Be aware, not afraid

Creatives, we ask you to create space for our diverse communities and educate yourselves on the lived experiences of others. Help us share our stories but, at the same time, understand you do not own our  narrative. We do.

Please do your homework. Seek out topical LGBTQ+ news and understand the conversations occurring within the community. Monitor the reactions from LGBTQ+ leaders  and organisations towards portrayals within media, advertising and entertainment. Use these reactions – whether positive or negative – to inform all activity. Remember, your image could be the first representation of an LGBTQ+ person that an audience member has ever seen. A good rule to follow: If you’re not sure about something, don’t take the photo. Instead, do some research and ask someone before moving forward with your shoot.

Whether you’re a creative, a marketer, a director or photographer, your role in society is not to be underestimated. With 90 percent of information transmitted to the brain being visual, the power of imagery is phenomenal.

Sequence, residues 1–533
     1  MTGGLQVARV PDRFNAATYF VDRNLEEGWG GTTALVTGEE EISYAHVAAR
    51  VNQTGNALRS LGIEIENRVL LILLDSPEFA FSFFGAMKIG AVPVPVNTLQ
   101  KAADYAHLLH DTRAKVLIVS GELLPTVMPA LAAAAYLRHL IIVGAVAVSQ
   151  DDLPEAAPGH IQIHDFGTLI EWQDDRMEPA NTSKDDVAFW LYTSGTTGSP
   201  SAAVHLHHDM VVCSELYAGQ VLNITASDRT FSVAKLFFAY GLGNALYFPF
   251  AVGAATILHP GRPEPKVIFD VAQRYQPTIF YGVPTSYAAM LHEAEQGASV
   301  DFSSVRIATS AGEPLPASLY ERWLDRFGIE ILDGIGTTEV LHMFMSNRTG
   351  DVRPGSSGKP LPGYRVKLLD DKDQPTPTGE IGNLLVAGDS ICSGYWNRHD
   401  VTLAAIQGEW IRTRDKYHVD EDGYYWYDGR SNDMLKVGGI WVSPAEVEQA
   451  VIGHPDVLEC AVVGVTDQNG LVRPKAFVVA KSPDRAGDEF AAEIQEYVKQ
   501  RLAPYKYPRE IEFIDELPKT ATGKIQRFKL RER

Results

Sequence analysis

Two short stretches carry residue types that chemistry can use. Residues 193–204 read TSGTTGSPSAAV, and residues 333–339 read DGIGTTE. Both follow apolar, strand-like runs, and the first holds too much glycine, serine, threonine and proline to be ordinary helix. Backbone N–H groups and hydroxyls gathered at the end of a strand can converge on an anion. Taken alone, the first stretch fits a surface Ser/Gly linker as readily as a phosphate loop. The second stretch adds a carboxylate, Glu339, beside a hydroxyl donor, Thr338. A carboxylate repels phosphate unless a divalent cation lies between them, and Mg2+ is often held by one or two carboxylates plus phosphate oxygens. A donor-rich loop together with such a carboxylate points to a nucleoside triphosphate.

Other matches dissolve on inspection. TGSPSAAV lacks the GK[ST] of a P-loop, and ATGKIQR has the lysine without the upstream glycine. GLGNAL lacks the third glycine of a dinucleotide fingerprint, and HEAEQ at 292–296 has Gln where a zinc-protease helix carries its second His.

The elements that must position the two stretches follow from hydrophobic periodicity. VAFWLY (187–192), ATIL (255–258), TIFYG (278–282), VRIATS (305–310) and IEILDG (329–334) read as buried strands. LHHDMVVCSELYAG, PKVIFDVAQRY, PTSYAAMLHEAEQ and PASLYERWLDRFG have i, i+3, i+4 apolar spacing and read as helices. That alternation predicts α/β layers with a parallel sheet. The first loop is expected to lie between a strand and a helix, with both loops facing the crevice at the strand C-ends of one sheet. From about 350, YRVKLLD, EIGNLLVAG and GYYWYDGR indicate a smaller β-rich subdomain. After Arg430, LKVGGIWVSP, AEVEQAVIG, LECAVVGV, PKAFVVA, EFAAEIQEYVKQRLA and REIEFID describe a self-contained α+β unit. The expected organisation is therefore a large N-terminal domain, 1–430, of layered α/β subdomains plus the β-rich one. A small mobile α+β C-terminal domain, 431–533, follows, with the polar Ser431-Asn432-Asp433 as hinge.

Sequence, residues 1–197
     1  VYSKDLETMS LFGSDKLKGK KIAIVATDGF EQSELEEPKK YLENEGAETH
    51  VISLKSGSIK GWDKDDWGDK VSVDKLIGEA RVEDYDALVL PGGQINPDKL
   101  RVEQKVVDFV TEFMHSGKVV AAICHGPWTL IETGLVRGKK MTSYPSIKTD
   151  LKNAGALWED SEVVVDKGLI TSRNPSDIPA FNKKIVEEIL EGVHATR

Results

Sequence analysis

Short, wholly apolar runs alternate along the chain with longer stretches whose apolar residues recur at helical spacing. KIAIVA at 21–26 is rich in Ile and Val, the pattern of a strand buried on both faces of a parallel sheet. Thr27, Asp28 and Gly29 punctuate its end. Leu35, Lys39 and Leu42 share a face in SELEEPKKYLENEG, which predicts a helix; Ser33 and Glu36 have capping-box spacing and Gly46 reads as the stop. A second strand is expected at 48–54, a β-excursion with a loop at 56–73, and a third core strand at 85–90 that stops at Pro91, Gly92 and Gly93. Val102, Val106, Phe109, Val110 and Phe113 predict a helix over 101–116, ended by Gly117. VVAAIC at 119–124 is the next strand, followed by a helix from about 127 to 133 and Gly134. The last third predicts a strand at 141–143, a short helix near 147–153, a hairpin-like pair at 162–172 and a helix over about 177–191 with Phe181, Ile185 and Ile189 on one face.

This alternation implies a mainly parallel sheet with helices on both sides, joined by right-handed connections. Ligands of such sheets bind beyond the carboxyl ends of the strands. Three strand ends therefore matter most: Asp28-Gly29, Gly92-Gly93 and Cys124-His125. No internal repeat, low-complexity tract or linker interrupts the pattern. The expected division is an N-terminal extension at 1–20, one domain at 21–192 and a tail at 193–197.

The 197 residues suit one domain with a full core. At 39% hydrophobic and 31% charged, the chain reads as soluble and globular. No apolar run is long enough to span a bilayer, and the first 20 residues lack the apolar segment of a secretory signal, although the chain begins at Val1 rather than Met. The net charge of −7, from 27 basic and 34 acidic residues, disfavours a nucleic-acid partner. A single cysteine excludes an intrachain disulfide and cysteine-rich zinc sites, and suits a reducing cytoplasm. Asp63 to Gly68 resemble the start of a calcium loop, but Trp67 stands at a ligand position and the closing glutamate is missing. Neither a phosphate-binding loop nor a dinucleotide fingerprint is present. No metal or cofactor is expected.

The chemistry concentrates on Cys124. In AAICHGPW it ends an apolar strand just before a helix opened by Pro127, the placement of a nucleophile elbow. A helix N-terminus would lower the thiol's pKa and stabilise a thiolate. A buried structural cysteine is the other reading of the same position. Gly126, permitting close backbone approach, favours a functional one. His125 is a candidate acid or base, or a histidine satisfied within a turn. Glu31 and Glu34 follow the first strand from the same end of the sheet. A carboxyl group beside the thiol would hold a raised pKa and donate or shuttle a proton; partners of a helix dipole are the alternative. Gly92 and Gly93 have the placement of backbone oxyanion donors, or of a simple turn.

Being in a position of creating, distributing and amplifying visual content is a privilege, so channel that talent into the positive reshaping of society. As creatives, we are the arbiters of the world’s imagery, we have the privilege of influencing what the world sees, and as such we have a duty to our communities and our audience to provide the most inclusive and authentic collection of content and stories on earth. Here are some examples of how you can represent the intersectional lived experiences of the queer community.


Grete

About the Author:

With a focus on creating experiences and products customers love, Grete enjoys being on Shutterstock’s awesome Product Operations team. A passionate history buff, she views the past and its lessons as roadmaps that can influence positive change for products and people. An award winning filmmaker and a community advocate, she has worked to craft and produce impactful media, harness storytelling for marginalized communities and make the invisible, visible, while creating accessibility opportunities, through creative tech, for visual content, oral histories and archived materials.